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A Brief Skip through the History of Sign Making

Sign making, in some form or another, has always been used to get an important message out to the rest of the world. It has more of an effect than just saying the words out loud because it can often invoke different thoughts in different people. Having a sign permanently etched onto wood or a large expanse of material makes an impact on more people, therefore getting the message out better. This is why many businesses use signs to advertise their services or products, because the scope is so large.

Before technology was readily available, or even invented, signs could still be found in certain areas. Humans have been creating art and pictures since the stone age, and signs are no different. They don’t have to consist of words; a picture or symbol will do. The way signs have been made has varied over the years, from cave paintings all the way to digitally printing, and it is interesting to see how much this craft has evolved.

Early signs

In the stone ages, when individuals lived in caves and were adept enough to create their own bows and arrows, signs were most certainly in existence. Although they may not have had the same impact as today’s recognised signs, they would have had some sort of meaning. Most likely, they would be drawn on walls of their cave or carved into stone with their makeshift tools.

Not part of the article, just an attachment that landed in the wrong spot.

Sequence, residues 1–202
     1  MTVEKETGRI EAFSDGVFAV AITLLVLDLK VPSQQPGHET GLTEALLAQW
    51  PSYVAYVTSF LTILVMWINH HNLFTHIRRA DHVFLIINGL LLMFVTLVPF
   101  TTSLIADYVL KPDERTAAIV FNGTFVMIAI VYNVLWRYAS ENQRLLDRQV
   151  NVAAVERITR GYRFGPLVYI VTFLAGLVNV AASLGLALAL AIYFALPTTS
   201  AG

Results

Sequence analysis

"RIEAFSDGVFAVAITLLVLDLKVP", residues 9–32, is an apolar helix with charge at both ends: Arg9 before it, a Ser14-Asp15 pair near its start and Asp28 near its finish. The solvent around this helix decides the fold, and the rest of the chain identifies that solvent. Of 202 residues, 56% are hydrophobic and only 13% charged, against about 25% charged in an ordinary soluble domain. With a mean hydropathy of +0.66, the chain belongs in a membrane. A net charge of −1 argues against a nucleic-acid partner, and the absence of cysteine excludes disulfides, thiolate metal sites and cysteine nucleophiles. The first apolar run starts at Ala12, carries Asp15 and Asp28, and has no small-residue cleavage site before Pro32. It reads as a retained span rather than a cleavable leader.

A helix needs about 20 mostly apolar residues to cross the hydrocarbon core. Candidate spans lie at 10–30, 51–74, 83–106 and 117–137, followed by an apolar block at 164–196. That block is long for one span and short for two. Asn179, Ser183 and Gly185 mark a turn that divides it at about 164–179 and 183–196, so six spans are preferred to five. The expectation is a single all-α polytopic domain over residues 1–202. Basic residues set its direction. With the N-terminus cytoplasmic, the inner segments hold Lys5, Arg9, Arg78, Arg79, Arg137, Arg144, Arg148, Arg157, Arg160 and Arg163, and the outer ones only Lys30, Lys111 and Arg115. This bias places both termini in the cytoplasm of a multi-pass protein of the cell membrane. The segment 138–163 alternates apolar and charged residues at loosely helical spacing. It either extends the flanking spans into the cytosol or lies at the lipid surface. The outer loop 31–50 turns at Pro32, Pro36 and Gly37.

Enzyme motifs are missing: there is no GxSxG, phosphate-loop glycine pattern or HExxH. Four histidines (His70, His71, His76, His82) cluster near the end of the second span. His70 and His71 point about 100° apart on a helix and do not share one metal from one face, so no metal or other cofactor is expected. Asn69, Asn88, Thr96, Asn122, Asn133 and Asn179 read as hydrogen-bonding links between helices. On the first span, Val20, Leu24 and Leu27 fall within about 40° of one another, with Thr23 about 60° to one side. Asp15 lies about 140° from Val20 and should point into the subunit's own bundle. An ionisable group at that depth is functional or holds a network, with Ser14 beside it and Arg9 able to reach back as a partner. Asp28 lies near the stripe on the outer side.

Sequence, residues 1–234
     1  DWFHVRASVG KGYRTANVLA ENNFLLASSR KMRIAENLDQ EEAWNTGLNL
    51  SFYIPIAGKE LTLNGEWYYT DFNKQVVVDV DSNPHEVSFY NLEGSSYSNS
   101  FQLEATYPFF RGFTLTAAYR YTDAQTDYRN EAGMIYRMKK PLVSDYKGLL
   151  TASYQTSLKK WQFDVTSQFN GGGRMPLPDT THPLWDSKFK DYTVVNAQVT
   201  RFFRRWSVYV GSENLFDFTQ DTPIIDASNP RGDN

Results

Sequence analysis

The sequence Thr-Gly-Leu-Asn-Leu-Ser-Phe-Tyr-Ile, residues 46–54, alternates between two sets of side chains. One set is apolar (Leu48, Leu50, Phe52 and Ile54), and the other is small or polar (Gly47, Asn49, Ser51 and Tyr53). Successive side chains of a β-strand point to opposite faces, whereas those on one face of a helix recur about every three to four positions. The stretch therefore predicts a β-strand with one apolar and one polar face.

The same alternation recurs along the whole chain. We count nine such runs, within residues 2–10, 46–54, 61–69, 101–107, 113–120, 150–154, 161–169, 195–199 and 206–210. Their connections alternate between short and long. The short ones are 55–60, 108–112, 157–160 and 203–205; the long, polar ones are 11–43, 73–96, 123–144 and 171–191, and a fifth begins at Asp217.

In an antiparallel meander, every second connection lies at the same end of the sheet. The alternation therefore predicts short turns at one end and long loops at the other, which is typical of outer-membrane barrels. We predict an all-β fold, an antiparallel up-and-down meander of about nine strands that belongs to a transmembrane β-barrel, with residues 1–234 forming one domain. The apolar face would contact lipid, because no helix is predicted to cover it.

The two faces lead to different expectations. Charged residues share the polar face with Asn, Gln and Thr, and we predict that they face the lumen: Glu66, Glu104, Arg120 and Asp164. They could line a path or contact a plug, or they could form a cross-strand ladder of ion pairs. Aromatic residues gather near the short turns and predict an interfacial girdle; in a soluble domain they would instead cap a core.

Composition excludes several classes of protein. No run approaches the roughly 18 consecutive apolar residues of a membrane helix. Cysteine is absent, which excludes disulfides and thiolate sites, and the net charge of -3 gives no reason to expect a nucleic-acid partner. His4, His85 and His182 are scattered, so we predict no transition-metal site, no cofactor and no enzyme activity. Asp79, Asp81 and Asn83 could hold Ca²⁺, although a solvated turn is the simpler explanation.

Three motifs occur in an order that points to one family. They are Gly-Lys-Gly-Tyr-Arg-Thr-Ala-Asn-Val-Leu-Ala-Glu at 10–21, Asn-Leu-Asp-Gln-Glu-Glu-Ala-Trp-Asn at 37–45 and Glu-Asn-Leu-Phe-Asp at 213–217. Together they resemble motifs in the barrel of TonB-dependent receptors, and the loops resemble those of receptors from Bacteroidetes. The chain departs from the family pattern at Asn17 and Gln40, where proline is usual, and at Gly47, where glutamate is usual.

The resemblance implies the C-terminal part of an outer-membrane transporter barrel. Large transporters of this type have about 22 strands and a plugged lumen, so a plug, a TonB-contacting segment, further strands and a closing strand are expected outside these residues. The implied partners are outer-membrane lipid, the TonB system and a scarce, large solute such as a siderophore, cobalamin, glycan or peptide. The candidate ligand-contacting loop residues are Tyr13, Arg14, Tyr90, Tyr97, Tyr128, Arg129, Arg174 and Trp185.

It has been said that there are certain records of advertising techniques as early as 3000 BC, where signs were used to indicate where goods could be exchanged and sold. This suggests that sign making is not a new concept, and although it has evolved, there are still techniques in existence today that are shared with the past.

Middle Ages

Evidence of advertising using signs continued throughout history, with people in the Middle Ages using them to advertise at their place of business. This would have been seen as a very important advertising technique. Particularly in Rome, signs were carved into stone or terra cotta. Also, a well-known sign during that time was a bush of ivy and vine attached to a pole, used to indicate a tavern.

Technological advancements

Throughout history, signs were generally made from whatever materials people could find – everything from paints to stone to plants. People were particularly good at adapting to the world around them, hence the advancements we have today and the various options that have been made available.

Technology, in particular, has advanced to such an extent that signs are generally designed and printed or cut using some amazing technological equipment, such as plotters and wide format printers, CNC routers, Laser Cutters, LED lighting, Etc. These advances give businesses and individuals more scope to design and fabricate lasting and effective signs for their clients.

Those who still enjoy the art of painting, moulding & carving, using natural equipment to create things, still try to keep this craft alive because signs can just as easily be made with traditional timber and paint. However, businesses strive for professionalism, and it is no surprise that technology remains the prominent player in sign making today.

www.simmonssigns.co.uk A Modern Family business with Traditional Values and Skills